Last weekend I spent a lonely Saturday at home trying to teach myself Muskets and Marshals. Beer was consumed, little toy soldiers were deployed, and many dice were rolled. All went well except for a lopsided French win, and a dining room table filled with soldiers when dinner time rolled around. This weekend however, I took the show on the road to a meeting of our local gaming club and the stage was set for a rematch. The overwhelming French win made sense in retrospect given the troop quality of the units involved, so I endeavored to make it a little harder on the French. So now we arrive at the battlefield deep in mother Russia. The cream of the French army looms on the horizon and advances up a remote valley to the sound of the pas de charge.
First a quick orientation to the game.
Russian Grenadiers line the hillside, flanked by an artillery battery protected by a hastily constructed wall of Gabions filled with precious Russian soil.
Approaching in column is the pride of the French army, the Fusilier-Chasseurs of the Middle Imperial Guard flanked by the 17th line battalion. Colonel-Major Pierre Vrigny exhorts his troops to advance up the valley.
The Fusilier-Chasseurs are screened by two companies of the 25th Legere and flanked by a regiment of Heavy Cuirassiers.
To their right the 6th Legere advances next to a large battery of eight guns still limbered and approaching up the main road to the village. To the right approaching the woods are two more companies of the 25th legere.
As the French advance, the Imperial guard cossacks are drawn forward by the exposed line of skirmishers leading the French assault. Russian Canon deliver an astonishing volley of roundshot into the midst of the French battery still struggling up the road. Horses and men are tossed about like kingpins and the French have suddenly lost three of their eight guns in the resulting carnage.
Sensing the changing momentum, the Pavlov Grenadiers move forward to engage the 6th Legere.
The view from the Russian guns.
Russian jagers on the far left move to engage the 25th Legere in a hard fought battle for the woods on the left flank.
Despite a few trifling casualties to the infantry, the French forces continue their advance and the guns finally work to deploy out of the mass of entangle horse flesh.
As you can see we had a great turnout!
Moments before the clash...
Final rules consult before the charge and then the die was cast - literally.
The Cossacks can't contain themselves any longer, form column and charge the skirmish line, hoping to ride it down and engage the enemy behind, which are still not in square.
For a moment it seemed the French luck would hold. The Cossacks scattered the skirmishers who were able to evade and flow back around their battalions of infantry. The 17th line battalion formed square just in the nick of time and suddenly the Cossacks found themselves in a world of hurt. They retreated disorganized. The Cuirassiers counter charged, but didn't have room to gain charge momentum. Even so they cantered into the disorganized Cossacks who had failed to rally and smashed them utterly.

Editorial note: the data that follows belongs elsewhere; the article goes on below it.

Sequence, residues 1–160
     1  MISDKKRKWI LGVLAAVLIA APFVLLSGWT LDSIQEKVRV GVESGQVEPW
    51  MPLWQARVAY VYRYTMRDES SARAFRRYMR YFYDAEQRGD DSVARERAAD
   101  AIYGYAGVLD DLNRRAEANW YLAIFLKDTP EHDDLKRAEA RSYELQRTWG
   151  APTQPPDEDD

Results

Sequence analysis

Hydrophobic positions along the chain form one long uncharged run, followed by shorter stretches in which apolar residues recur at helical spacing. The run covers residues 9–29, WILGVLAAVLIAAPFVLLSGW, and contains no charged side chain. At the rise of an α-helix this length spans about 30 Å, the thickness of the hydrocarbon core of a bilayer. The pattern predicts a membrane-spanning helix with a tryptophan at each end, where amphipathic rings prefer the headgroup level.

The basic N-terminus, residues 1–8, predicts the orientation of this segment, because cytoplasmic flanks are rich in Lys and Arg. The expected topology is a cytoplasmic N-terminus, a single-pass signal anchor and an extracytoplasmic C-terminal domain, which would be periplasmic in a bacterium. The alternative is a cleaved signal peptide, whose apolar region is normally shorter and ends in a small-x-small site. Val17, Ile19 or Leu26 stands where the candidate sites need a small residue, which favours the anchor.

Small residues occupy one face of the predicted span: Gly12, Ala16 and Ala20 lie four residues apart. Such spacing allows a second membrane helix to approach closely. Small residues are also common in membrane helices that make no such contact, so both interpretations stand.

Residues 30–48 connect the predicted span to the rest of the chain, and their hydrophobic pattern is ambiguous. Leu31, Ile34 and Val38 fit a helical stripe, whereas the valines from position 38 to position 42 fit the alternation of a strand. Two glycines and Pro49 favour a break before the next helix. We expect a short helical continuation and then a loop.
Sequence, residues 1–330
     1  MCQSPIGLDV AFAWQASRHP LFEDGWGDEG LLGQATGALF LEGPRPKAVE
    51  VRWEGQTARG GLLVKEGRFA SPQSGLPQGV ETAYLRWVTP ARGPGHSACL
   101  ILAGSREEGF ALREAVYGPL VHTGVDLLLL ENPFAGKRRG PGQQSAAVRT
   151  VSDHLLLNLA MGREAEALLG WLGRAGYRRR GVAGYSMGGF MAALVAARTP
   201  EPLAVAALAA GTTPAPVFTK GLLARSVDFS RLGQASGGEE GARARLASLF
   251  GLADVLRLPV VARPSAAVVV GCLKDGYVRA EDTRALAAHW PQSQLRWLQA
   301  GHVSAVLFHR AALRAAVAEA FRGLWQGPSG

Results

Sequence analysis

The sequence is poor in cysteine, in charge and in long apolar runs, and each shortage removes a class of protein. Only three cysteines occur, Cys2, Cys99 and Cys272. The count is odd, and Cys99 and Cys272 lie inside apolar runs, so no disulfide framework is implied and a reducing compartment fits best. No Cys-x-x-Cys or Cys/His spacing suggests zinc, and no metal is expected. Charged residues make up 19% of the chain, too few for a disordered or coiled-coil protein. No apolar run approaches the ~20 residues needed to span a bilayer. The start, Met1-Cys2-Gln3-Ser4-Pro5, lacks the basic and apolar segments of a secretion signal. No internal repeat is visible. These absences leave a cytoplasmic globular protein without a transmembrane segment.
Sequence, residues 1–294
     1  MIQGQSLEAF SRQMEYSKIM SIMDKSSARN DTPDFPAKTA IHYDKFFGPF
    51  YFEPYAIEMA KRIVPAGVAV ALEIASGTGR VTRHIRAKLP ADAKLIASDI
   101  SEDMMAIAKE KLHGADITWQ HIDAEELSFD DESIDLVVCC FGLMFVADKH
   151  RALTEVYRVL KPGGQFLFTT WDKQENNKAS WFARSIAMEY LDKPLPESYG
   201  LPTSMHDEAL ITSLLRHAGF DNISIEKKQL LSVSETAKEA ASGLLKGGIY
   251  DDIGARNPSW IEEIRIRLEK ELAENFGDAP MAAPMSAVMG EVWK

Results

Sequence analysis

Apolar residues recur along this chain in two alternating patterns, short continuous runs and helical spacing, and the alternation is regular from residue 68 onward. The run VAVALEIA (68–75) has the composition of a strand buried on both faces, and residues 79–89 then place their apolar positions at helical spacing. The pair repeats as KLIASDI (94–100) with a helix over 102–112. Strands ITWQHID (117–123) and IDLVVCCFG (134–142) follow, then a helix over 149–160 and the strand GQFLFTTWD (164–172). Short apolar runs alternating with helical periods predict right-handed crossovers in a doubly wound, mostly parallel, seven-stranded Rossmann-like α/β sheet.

The cuirassiers, victory emblazoned on their shiny breastplates, can't hold back their manly vigor and decide the time is right to charge the guns - up a a hill - behind gabions - in canister range. Needless to say it was ugly and both sides now found themselves effectively without cavalry support. The charge of the Cossacks had one important effect though. As the Fusilier-Chasseurs advanced, they now found themselves without skirmishers in front to screen them from Russian musketry, and soon were taking fire from the Grenadiers on the hill and Russian jagers in the woods on their left, all while another Russian line battalion was advancing to support the Grenadiers.
On the French Right the 25th Legere had cleared the woods of Jagers, and the 6th Legere had routed the Pavlov Grenadiers, leaving both sides exhausted and their troops depleted. It was too little too late though. Just as the French were breaking through on the right, the Fusilier-Chasseurs, after taking tremendous casualties charging the grenadiers on the hill, finally broke and ran sending a shiver through the entire French army. General Maucune realized his brigade would never be able to clear the town or push off the Russian artillery which was still sending roundshot into their depleted ranks, so sounded the retreat to save what remained of his once mighty brigade.
We started this game at noon and fought it to a conclusion by 2:30. The Muskets and Marshals rules were seemingly easily grasped and players were on their own very quickly, with very little coaching needed. Mike Peccolo, who had only read the rules once, kindly offered to help run the game since we had so many players. It is rather embarrassing to admit his knowledge of the rules was better than my own despite my test game! I also need to give a shout out to David Raybin, who photographed the game while playing and setting up his own game of the Sword and the Flame that we ran afterwards.